How Gorilla Glass 5 made surviving everyday phone drops the priority

It's a fact of life that, as smartphones have got bigger, slimmer, and more slippery, you're increasingly likely to drop them while playing Pokemon GO and smash the display. Corning can't stop you from getting over-excited at the sight of a wild Pikachu, but it does have a new version of its toughened glass, Gorilla Glass 5, which promises even greater resilience to being dropped on the next generation of smartphones and other devices.

Like its predecessor, Gorilla Glass 5 was designed "with the specific intent to improve drop performance," Jim Steiner, senior vice president and general manager for Corning's Speciality Materials division, told me.

The testing process for both is the same: Corning starts out with a 22cm drop, the glass mounted in a special "test puck" so that it sits proud and always hits whatever test surface has been selected, and "as it survives," Steiner explains, "we just keep increasing [the height]" in 10cm increments.

Gorilla Glass 5 survives 80-percent of falls onto rough surfaces – like asphalt or concrete – from heights of over 1.6 meters. That's a 1.8x improvement over 2014's Gorilla Glass 4, and an even bigger difference from rival toughened glass.

"When we drop our competitors aluminum silicate glass and soda lime glass, they survive zero percent [of the time]," Steiner said. Indeed, soda lime glass failed consistently at Gorilla Glass 4's quoted drop-resilience height of just half a meter.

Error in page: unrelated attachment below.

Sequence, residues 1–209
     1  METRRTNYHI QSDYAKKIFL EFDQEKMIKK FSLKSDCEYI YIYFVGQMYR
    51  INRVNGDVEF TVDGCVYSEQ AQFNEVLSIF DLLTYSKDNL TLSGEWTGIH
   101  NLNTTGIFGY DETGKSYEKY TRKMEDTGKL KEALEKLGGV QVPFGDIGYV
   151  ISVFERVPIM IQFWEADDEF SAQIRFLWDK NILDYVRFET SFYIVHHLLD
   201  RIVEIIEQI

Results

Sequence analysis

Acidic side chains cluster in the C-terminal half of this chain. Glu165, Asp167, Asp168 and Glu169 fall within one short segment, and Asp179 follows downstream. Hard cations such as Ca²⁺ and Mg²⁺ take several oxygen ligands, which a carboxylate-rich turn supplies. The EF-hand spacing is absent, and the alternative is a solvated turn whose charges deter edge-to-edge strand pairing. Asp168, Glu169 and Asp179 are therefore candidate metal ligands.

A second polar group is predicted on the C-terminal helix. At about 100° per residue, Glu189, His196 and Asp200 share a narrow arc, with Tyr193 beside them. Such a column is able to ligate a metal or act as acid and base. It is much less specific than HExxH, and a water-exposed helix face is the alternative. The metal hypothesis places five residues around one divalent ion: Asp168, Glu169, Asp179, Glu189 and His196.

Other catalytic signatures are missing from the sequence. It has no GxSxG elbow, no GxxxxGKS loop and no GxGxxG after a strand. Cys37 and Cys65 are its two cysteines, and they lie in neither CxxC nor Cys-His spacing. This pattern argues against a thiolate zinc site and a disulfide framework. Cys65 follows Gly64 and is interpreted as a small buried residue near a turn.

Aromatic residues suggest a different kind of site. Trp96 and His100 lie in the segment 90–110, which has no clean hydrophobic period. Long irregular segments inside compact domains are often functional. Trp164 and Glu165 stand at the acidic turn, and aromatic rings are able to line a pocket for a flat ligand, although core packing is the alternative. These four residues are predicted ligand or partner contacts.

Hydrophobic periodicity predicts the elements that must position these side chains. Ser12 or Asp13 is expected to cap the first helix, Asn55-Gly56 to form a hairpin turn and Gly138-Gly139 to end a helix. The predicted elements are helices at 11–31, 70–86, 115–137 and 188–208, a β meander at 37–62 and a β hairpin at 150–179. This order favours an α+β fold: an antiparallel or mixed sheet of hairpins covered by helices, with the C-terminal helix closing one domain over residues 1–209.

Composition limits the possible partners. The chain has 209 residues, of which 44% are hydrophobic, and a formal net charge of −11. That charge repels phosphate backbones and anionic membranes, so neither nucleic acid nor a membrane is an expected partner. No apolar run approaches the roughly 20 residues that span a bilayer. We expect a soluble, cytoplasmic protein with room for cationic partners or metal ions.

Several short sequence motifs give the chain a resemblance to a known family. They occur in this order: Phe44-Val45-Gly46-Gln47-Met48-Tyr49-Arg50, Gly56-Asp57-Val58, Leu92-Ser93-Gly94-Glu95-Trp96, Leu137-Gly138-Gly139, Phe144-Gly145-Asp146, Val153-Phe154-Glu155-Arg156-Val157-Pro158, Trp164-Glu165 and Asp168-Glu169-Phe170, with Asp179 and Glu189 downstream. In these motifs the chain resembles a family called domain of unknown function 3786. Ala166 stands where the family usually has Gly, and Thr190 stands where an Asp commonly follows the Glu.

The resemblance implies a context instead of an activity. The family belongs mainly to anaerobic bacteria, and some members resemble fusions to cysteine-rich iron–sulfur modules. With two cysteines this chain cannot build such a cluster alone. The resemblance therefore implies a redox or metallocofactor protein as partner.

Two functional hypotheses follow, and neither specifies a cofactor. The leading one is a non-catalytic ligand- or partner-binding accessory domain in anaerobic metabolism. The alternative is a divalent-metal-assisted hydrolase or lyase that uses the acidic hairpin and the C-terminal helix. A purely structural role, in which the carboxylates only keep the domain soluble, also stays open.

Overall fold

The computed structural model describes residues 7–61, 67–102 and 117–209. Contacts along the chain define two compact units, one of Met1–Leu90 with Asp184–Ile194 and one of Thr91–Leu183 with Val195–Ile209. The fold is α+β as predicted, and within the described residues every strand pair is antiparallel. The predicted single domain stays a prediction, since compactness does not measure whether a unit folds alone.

This latest version uses the same "Fusion Process" that Corning has relied upon before, whereby liquid glass is poured into a trough, allowed to overflow the edges, and then hardens. The overflow means both sides of the glass are pristine, and there's no need for polishing.

What changes there've been are based on just how devices with earlier iterations of Gorilla Glass have performed out in the wild. "Glasses fail when they drop on surfaces with sharp contact angles," Steiner says. "We specifically engineered this glass to survive this type of failure."

Corning gives input to device manufacturers on how they might best implement Gorilla Glass, but in the end the final design is up to them. Still, "we interact very closely with all our customers," Steiner explains, "in fact we'll go through testing as our customers start to qualify the glass, we'll do joint testing to correlate our results with theirs."

What's been interesting is how manufacturers have capitalized on the improvements with each generation of Gorilla Glass.

"Every time we've improved our glass," Steiner points out, "our customers have used it to go thinner, not necessarily to improve [drop] performance. We've seen a strong trend to reducing the thickness of the glass."

This time around, in fact, if you want the most resilient smartphone then it will pay to study the spec sheet closely. Corning plans to continue production of not only Gorilla Glass 4 but its predecessor, Gorilla Glass 3 alongside the newest version, offering a range of toughened choices depending on what budget device manufacturers have.

When can we expect to see the first devices using Gorilla Glass 5? Steiner tells me there should be product announcements this quarter, with glass production already underway and shipping to customers. Unsurprisingly, he won't be drawn on which clients those might be, however, though he did confirm that "handheld devices" – think high-end smartphones – will arrive first.